News  |  February 22, 2019

With support from the Robert Wood Johnson Foundation, PHNCI is hosting the inaugural Public Health Innovation Summit & Showcase in March. This is the first national meeting to convene thought leaders and innovators to be inspired from within public health and other fields, to discuss the barriers and opportunities to public health innovation, and to strategize around advancing innovation in governmental public health practice. The Summit aims to both inspire and learn from attendees and provide practical tips for implementing successful innovations in health departments.

The exciting line-up of speakers and interactive sessions will share stories of successful innovations in their fields and invited health departments will showcase their own innovations, including some that are already being adopted by others nationwide.

During the first day’s keynote, What We Can Learn from Upstream Innovations in Courts and the Criminal Justice System, Greg Berman and Julian Adler from the Center for Court Innovation will share how they have worked to effect change in courts to address issues in the criminal justice system and reduce incarceration rates. The Center for Court Innovation creates operating programs to test new ideas and solve problems, performs original research to determine what works (and what doesn’t), and provides expert assistance to justice reformers around the world. As an organization addressing systems change in a bureaucratic governmental environment, they will share lessons that can be applied to governmental public health systems transformation efforts and provide inspiration to those innovating in public health.

During the second day’s keynote, Opportunities to Use Technology to Innovate and Improve Health, Jamie Jones from GitHub will provide an overview of open-source technology and how it can be leveraged to drive innovation and improve health. GitHub is the leading software development platform and is the largest open source community in the world with 28 million users and 57 million code repositories (including 28 million public repositories). Like the definition of public health innovation, the foundation of open-source technology is built upon a set of principles that will sound familiar to practitioners, including collaboration, community, transparency, and prototyping for rapid solutions, and offers great promise for public health practice.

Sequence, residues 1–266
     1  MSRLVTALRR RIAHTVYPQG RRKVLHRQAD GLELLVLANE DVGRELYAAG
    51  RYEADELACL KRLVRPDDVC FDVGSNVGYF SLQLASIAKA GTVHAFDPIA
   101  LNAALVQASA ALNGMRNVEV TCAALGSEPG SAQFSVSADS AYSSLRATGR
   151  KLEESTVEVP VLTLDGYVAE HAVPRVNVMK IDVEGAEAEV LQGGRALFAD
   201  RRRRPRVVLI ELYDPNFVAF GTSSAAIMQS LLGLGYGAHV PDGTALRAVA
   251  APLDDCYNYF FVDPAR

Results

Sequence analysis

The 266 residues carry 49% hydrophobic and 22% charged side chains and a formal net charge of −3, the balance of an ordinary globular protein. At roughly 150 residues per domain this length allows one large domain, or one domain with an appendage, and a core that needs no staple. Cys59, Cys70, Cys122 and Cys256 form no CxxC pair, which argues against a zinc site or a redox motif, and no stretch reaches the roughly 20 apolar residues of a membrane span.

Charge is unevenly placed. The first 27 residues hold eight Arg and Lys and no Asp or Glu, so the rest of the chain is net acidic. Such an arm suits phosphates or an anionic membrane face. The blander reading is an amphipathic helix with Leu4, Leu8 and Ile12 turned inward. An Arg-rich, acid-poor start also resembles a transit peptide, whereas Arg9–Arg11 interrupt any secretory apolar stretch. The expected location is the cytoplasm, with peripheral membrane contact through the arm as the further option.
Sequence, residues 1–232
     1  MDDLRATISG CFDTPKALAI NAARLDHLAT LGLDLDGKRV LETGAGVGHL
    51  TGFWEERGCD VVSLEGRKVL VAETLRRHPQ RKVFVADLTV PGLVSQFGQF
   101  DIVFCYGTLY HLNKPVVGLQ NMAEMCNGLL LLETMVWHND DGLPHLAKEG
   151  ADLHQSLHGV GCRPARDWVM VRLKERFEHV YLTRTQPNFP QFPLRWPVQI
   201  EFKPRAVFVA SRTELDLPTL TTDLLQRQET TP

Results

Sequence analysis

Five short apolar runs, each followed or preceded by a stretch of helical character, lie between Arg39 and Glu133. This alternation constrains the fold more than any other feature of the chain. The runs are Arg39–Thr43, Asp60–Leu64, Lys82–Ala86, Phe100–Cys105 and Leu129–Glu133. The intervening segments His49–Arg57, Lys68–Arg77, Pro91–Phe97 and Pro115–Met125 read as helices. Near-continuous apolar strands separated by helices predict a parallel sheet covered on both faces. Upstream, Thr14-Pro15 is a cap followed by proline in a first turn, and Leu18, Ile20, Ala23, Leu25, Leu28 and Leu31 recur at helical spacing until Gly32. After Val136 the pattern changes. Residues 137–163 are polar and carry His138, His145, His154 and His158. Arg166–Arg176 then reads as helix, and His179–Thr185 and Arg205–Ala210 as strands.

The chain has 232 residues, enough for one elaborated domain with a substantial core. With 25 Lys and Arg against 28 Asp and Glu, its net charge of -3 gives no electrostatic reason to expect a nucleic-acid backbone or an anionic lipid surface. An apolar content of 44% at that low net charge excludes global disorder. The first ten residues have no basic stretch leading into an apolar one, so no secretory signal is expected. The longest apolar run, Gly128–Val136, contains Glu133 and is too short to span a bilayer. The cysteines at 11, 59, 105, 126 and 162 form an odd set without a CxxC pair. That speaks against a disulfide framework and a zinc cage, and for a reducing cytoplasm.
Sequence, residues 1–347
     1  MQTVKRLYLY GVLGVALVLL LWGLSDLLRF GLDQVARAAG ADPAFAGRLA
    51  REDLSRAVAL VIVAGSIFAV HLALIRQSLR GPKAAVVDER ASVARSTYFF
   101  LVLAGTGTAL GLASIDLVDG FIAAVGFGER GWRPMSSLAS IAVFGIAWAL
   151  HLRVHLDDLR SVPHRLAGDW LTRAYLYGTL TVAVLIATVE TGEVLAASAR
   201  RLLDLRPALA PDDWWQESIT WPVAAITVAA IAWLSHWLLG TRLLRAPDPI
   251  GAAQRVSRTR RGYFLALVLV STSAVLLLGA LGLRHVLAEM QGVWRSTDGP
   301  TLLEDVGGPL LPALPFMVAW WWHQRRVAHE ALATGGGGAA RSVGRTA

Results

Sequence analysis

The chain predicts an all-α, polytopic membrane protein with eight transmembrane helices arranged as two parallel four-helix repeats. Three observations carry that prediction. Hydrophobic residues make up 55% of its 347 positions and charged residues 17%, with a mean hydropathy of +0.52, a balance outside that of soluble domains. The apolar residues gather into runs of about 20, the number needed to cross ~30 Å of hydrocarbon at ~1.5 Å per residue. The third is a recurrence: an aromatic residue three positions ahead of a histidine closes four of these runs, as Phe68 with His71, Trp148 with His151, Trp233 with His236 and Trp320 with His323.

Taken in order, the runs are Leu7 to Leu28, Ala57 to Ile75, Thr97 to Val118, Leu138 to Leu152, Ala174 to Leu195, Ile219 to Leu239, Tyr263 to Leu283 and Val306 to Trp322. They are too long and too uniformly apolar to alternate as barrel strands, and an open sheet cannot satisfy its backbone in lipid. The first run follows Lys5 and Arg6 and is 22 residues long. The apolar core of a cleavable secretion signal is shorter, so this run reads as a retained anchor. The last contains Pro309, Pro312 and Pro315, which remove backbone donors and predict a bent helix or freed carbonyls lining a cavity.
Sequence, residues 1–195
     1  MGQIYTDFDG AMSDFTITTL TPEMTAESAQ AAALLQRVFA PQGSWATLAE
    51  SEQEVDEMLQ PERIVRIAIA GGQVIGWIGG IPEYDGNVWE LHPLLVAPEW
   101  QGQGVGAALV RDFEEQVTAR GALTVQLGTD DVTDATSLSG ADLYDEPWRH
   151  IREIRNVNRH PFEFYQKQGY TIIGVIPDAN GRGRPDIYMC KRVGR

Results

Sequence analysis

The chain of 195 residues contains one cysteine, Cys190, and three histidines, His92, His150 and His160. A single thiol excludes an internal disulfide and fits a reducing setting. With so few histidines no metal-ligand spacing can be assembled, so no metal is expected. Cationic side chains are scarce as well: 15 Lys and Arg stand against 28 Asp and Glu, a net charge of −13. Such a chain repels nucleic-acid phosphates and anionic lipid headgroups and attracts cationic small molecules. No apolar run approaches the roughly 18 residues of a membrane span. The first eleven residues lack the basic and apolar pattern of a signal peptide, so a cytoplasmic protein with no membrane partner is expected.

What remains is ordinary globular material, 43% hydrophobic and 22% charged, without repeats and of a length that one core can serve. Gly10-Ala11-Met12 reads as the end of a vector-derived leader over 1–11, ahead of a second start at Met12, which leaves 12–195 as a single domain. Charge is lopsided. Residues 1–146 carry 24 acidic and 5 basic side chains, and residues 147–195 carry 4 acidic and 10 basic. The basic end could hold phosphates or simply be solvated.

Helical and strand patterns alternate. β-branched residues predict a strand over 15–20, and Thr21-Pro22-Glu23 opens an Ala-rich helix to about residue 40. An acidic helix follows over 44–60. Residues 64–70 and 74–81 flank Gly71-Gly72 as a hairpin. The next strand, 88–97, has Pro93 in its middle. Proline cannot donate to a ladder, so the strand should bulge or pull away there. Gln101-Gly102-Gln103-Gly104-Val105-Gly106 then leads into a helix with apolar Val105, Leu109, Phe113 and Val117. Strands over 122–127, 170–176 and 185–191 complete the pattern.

Both days include additional inspiring sessions like:

  • A response panel of public health leaders to reflect on how lessons learned from other fields can be applied to public health.
  • TED-style presentations featuring innovation stories from the field.
  • Showcase presentations from health departments, including perspectives from leadership and staff engaging in innovative work across the country.

PHNCI looks forward to receiving feedback from attendees and finalizing the public health innovation definition, which will be shared, along with other learnings, in April. Stay tuned for those exciting details!